African countries began officially trading under a new continent-wide free trade area on Friday.
The African Continental Free Trade Area (AfCFTA) brings together 1.3 billion people in a $3.4 trillion economic bloc that is now the largest free trade area since the establishment of the World Trade Organization.
The AfCFTA will boost trade among African neighbours while allowing the continent to develop its own value chains. The AfCFTA came into force on 30 May 2019 to create a free trade region among the African Union members, aiming to become the world’s largest free movement and single-currency union. The World Bank estimates that the bloc could lift tens of millions out of poverty by 2035.
We celebrate 2021 which also heralds the historic official #StartofTrading of the #AfCFTA #OneAfricanMarket. The journey towards economic integration for the #AfricaWeWant, has now begun in earnest. Wishing you all peace to face this new year with courage & determination. pic.twitter.com/vDXmcmbKAT
— Moussa Faki Mahamat (@AUC_MoussaFaki) January 1, 2021
“There is a new Africa emerging with a sense of urgency and purpose and an aspiration to become self-reliant,” Ghana’s President Nana Akufo-Addo said during an online launch ceremony. As Reuters highlighted, however, free trade in Africa would need to overcome the region’s historic economic and political challenges, including poor road and rail links, political unrest, excessive border bureaucracy and petty corruption.
Trade under the AfCFTA was meant to be launched on July 1 but was pushed back after COVID-19 made in-person negotiations impossible.
As Secretary-General of the AfCFTA Secretariat Wamkele Mene noted, COVID-19 had demonstrated that Africa was overly reliant on the export of primary commodities and global supply chains. The global supply chains were severely disrupted during the pandemic. When estimating the coronavirus pandemic’s negative impact on global economy last March, the Organisation for Economic Co-operation and Development (OECD) predicted that continuing global supply disruptions could halve global economy growth.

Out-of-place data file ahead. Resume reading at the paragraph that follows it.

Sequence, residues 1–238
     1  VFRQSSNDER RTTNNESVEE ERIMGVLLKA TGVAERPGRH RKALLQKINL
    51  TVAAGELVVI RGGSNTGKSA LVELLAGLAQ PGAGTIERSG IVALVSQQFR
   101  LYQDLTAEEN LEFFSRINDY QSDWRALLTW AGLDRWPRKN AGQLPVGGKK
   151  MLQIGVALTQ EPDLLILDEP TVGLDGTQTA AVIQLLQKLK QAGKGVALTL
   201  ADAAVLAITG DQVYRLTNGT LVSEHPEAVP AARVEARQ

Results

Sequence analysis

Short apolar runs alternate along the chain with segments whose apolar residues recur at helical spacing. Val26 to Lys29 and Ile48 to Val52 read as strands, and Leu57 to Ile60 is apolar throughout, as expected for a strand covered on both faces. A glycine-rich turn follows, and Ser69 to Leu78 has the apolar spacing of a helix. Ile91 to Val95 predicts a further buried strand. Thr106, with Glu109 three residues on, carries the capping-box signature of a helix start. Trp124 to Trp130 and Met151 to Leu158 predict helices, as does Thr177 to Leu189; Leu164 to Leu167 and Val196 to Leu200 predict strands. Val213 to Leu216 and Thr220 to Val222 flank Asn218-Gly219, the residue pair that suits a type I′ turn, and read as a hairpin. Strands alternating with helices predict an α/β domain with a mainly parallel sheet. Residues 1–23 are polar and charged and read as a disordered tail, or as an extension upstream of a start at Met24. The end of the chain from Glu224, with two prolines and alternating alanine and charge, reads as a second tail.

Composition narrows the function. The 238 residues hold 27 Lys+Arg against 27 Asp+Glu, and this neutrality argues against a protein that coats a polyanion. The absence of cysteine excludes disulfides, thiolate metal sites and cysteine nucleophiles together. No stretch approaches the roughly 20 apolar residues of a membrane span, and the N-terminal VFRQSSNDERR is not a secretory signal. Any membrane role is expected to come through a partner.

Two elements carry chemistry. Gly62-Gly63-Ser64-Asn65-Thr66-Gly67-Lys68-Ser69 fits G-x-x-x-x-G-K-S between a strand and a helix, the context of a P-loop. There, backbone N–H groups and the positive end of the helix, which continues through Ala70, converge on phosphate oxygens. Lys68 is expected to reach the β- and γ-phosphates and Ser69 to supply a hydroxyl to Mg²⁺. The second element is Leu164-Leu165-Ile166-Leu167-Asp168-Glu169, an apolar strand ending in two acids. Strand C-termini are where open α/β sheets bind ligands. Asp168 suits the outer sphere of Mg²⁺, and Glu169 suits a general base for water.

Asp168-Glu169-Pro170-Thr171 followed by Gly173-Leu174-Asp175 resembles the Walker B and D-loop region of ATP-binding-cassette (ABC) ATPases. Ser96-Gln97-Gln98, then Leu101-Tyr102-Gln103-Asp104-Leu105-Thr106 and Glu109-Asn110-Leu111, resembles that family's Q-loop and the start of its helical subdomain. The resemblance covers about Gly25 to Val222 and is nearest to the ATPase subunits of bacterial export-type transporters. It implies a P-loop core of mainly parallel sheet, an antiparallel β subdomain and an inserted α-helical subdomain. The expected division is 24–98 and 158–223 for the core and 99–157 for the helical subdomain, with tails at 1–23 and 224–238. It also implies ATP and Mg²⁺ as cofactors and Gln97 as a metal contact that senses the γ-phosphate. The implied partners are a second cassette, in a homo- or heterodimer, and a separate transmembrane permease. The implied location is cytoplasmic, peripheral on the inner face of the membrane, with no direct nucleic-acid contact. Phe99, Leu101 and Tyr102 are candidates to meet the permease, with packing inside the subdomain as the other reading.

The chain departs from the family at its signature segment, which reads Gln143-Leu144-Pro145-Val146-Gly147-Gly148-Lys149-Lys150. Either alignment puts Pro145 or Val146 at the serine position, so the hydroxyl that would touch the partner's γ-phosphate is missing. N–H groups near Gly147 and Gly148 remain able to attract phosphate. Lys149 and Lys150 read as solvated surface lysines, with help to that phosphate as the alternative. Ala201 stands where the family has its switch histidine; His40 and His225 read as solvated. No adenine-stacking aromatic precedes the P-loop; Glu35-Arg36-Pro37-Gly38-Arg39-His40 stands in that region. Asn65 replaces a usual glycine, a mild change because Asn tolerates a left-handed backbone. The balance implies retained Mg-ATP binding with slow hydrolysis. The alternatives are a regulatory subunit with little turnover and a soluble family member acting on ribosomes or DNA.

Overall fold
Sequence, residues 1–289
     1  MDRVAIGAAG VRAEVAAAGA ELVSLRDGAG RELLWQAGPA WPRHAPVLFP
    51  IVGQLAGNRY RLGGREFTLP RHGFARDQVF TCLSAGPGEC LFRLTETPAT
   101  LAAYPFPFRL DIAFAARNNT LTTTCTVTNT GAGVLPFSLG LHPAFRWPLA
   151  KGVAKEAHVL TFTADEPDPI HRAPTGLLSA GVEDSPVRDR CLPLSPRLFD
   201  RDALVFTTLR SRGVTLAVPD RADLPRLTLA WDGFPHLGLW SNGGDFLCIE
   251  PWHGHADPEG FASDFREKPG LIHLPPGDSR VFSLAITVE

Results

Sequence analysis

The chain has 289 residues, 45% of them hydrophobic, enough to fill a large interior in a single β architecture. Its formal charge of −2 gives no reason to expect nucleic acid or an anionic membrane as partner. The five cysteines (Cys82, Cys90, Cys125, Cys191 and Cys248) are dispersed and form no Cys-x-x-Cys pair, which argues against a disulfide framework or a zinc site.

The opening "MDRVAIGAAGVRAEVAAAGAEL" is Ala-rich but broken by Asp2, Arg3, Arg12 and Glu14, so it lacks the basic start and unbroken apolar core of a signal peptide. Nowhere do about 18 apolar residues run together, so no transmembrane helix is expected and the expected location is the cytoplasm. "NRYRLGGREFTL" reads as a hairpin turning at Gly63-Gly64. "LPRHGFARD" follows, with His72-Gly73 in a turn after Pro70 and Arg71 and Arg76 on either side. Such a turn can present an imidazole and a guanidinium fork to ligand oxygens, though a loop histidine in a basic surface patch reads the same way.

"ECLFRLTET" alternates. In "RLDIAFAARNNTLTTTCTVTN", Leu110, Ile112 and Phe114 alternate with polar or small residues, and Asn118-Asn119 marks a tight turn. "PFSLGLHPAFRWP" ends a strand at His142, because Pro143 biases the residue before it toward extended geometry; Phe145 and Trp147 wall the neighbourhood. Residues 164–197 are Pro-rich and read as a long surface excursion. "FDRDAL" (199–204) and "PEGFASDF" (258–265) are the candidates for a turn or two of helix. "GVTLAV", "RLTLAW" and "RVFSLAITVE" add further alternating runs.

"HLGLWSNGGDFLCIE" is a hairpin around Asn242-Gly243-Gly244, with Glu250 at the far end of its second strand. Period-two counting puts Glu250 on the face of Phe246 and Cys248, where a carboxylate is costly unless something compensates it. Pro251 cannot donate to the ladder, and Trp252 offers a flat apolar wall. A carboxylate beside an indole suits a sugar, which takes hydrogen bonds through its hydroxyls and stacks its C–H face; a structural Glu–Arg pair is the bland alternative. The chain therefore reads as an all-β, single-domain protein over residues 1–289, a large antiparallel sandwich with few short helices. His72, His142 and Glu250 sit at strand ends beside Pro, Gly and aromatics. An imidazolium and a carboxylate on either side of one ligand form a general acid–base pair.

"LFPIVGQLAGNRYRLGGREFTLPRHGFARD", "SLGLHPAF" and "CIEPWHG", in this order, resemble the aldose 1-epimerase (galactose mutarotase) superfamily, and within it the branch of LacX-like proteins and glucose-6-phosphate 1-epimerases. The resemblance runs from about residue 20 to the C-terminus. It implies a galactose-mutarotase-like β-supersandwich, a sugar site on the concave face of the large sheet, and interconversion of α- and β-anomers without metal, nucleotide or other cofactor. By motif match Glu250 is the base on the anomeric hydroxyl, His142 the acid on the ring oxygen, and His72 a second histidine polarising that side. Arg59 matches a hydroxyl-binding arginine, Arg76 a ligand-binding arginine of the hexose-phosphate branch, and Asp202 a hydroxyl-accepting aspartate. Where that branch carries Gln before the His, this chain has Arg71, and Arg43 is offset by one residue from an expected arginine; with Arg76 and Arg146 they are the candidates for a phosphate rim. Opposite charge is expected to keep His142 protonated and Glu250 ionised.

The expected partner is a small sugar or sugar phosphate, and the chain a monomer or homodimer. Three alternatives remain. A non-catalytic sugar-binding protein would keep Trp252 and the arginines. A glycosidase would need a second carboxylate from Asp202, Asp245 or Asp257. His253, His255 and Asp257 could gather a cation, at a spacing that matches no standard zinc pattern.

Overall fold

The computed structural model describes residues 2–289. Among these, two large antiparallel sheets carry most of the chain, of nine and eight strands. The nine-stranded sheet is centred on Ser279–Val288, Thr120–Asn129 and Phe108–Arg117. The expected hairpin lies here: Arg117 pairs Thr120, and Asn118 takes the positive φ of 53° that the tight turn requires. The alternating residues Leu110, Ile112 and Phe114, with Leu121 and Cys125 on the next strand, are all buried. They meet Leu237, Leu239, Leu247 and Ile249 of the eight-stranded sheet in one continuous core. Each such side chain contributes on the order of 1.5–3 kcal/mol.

Every African country except Eritrea has signed on to the AfCFTA framework agreement, and 34 have ratified it.
An annex to the deal outlining the rules of origin – an essential step for determining which products can be subject to tariffs and duties – has not been completed yet. So far, 41 of the zone’s 54 member states have submitted tariff reduction schedules.
Members must phase out 90% of tariff lines – over five years for more advanced economies or 10 years for less developed nations. Another 7% considered sensitive will get more time, while 3% will be allowed to be placed on an exclusion list, said Ziad Hamoui of Borderless Alliance, a group that campaigns for easier cross-border trade.
AfCFTA members recognise all the difficulties they will need to face to make the African free trade bloc work. “Economic integration is not an event. It’s a process,” said Silver Ojakol, chief of staff at the AfCFTA Secretariat. “We must start somewhere.”
The primary working languages of the African Union are Arabic, English, French, and Spanish, with Portuguese and Swahili being developed. The AfCFTA news regularly published by the Johannesburg-based Pan-African Parliament can be viewed here.
Image: Johannesburg, South Africa, by Rixie / Adobe Stock